Behind the scenes with Fairchild Protocol
Staff Sgt. Christine Tooth, 92nd Air Refueling Wing protocol specialist, arranges water goblets during a recent visit by Gen. Raymond Johns, Jr., Air Mobility Command commander, at Fairchild Air Force Base, Wash., May 20, 2012. If something needs to be done, whether it’s picking up trash, pitching luggage or washing vehicles and someone else hasn't done their job, then the wing’s protocol office is there getting the mission done. (U.S. Air Force photo/Airman 1st Class Ryan Zeski)
by Scott King
92nd Air Refueling Wing Public Affairs
5/30/2012 - FAIRCHILD AIR FORCE BASE, Wash. -- There's proper protocol behind any big ceremony or event and that holds nowhere more true than at Fairchild Air Force Base.
This is where the 92nd Air Refueling Wing protocol office has a long-standing reputation of being one of the best at handling all the details preceding, during and after these occasions.
"There are few jobs in the Air Force more challenging and demanding on a day-to-day basis than protocol," said Bo Smith-Tallan, 92nd Air Refueling Wing protocol chief. "This job is not for the faint-hearted or thin-skinned individual, nor is it a position for the lone wolves who believe they can do it all themselves. We rely on base-wide cooperation and teamwork to provide our extremely important services."
Their office plans, manages and executes the protocol program for the 92nd ARW and support the 141st ARW and the 336th Training Group. They advise the base and the civilian community on the policies of the wing commander and establish policies and procedures pertaining to protocol programs to include military ceremonies, conferences, official meetings and briefings, official and social functions, high-level foreign and domestic visits, special visits and symposiums.
The protocol office also needs to be "in the know" when it comes to military customs and courtesies.
They personally meet and accompany distinguished visitors in a manner that reflects favorably on base leadership. Some of the things they must have knowledge on are the "order of precedence" amongst elected officials, U.S. and foreign officials, military and civilians. They must know flight plan VIP codes, order of flags, rank and dress equivalents between the military services including foreign military. Along with all this comes a host of administrative details they accomplish.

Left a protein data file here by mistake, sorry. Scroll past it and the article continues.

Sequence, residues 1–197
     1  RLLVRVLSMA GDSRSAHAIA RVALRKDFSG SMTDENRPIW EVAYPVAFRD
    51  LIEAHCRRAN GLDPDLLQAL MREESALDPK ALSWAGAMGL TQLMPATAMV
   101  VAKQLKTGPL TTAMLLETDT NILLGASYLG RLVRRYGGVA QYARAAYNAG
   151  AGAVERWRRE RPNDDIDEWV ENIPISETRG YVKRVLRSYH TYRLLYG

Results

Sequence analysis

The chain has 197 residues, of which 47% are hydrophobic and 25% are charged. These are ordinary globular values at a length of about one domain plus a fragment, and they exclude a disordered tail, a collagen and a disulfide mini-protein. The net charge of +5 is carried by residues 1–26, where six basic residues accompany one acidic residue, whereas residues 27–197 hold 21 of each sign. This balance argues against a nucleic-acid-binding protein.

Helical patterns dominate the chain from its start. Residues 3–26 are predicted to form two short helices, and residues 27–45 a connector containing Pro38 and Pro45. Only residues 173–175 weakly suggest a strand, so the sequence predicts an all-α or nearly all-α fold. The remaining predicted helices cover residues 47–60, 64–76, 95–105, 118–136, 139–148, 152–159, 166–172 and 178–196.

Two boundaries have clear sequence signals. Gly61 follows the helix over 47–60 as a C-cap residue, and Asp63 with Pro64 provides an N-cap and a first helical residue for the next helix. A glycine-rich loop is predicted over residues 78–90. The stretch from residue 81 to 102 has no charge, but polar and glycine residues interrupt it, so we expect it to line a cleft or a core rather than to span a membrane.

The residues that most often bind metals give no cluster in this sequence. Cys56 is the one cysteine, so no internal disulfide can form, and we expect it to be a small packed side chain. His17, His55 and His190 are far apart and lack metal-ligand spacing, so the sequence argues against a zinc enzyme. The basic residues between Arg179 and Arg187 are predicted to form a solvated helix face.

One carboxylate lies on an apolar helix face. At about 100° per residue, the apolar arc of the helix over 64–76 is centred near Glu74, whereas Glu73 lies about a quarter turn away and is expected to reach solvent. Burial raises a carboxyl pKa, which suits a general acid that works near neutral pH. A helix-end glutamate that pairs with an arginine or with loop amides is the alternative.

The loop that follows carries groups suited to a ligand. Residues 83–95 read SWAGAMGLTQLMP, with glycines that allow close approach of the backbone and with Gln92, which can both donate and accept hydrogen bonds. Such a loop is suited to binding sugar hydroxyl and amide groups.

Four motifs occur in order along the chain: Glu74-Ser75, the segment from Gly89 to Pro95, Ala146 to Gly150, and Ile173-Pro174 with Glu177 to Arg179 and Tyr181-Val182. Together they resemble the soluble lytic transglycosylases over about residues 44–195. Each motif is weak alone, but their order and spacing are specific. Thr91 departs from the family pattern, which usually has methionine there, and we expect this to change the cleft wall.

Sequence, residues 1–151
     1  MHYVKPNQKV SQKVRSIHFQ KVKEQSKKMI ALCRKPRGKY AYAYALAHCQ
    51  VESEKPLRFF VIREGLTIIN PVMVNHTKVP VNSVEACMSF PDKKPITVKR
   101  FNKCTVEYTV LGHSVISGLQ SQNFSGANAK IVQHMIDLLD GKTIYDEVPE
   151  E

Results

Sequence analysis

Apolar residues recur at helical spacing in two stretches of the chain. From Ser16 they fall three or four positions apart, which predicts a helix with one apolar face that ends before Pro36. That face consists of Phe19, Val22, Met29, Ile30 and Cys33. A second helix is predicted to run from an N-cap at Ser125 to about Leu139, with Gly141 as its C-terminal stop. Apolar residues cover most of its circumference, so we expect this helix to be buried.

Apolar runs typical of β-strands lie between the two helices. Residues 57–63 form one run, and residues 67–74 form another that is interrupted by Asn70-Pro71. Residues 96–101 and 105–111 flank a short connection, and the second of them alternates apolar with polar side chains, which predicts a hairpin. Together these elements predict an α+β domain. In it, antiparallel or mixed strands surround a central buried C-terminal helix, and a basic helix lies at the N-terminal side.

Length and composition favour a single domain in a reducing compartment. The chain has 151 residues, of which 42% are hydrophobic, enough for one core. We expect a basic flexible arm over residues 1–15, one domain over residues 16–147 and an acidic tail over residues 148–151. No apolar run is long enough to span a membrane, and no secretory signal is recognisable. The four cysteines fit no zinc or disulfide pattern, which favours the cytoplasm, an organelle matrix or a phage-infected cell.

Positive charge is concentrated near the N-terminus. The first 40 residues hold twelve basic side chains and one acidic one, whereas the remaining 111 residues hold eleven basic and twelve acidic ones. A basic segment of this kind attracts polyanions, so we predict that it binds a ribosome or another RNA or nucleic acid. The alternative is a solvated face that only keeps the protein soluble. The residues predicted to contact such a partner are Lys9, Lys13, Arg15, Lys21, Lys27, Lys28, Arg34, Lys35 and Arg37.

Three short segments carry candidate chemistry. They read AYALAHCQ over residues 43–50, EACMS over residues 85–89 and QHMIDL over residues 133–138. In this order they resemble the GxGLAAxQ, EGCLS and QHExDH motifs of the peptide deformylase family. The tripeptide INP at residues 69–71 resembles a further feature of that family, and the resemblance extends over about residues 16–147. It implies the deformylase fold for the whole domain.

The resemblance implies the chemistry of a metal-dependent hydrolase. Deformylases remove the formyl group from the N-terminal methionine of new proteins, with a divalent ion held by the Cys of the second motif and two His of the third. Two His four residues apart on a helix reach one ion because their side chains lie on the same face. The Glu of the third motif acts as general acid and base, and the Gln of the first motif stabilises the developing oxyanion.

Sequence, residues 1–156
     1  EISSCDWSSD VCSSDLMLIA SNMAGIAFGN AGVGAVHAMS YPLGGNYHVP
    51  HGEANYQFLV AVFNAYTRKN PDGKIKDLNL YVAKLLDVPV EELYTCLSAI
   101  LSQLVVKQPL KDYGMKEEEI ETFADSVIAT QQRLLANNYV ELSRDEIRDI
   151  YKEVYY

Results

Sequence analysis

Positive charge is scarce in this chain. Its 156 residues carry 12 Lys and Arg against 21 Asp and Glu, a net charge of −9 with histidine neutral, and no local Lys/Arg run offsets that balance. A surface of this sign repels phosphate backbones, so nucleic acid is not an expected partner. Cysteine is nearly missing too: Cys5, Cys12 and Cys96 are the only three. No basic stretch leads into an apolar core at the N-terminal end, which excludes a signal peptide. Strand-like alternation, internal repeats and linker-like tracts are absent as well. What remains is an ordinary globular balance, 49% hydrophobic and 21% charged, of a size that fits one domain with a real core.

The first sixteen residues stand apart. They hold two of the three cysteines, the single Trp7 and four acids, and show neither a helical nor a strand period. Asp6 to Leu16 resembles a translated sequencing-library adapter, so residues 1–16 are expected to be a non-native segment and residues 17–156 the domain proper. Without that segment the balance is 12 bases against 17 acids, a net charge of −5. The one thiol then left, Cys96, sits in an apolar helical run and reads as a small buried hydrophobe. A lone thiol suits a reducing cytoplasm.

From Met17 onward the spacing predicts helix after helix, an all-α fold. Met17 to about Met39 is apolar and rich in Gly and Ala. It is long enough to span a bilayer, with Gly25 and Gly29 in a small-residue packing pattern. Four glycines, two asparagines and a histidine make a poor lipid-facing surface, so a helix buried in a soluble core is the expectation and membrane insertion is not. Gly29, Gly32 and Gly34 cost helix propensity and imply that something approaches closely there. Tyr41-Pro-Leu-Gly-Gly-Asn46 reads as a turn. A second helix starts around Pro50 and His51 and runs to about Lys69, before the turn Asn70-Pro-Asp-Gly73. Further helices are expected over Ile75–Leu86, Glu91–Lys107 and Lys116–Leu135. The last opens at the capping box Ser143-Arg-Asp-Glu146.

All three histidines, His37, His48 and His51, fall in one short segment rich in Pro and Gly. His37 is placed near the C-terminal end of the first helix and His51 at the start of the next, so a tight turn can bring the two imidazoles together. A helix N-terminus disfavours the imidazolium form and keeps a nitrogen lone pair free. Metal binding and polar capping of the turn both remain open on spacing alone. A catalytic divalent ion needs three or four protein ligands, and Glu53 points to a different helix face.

There are several attributes and skills that make the protocol staff effective.
According to Smith-Tallan, her staff has excellent organizational skills. They must remember the minutest details whether there are 10 or 1,000 details and must plan for every contingency. They also possess humility; they can't say it's not my job. If something needs to be done, whether it's picking up trash, pitching luggage or washing vehicles and someone else hasn't done their job, then they are all on it. They are also sensitive to the needs of others. It goes hand-in-hand with cooperation. Taking care of the little things adds a 'touch of class' that can make a good visit into a great one. They are flexible and think on their feet adapting quickly to rapid-fire changes in a high stress, high visibility environment. Her staff has excellent communication skills. It is vital they effectively communicate up, down and across the chain - if they don't, things can go wrong and fast.
Smith-Tallan's staff understands the importance and challenges of what they do.
"Protocol is definitely a job that requires teamwork, motivation, hard work and even a little luck," said Staff Sgt. Katelina Tiumalu, 92nd ARW protocol NCO in charge. "What we do affects the whole base and outside the gates. The most challenging aspect about our job is the fact that nothing is set in stone. Each scenario is different and unique, and every time I feel I have the operation down-pat, 'boom, guess again'
because the next event or DV is completely different of has different preferences so it's back to the drawing board."
Understandably, the protocol office receives feedback following most visits or events they coordinate.
"We measure our success by the absence of comment from base leadership," Smith-Tallan said. "I enjoy looking at those I serve, reading their face and knowing that we just executed a perfect visit or event - no words need to be spoken, it's obvious."
Base leadership appreciates the efforts and end results the protocol office brings to the table.
"Our protocol office takes the extra steps to make sure we [Fairchild] projects the right image for both the base and the Air Force," said Col. Paul Guemmer, 92nd ARW commander. "Bo and her staff are the 'behind the scenes dream team' ensuring visits and ceremonies run smoothly and without fault. They are truly the unsung heroes because of the behind the scenes nature of their job, but they are out front with their excellent reputation of bringing the best protocol services to our many visitors - I tip my hat to them."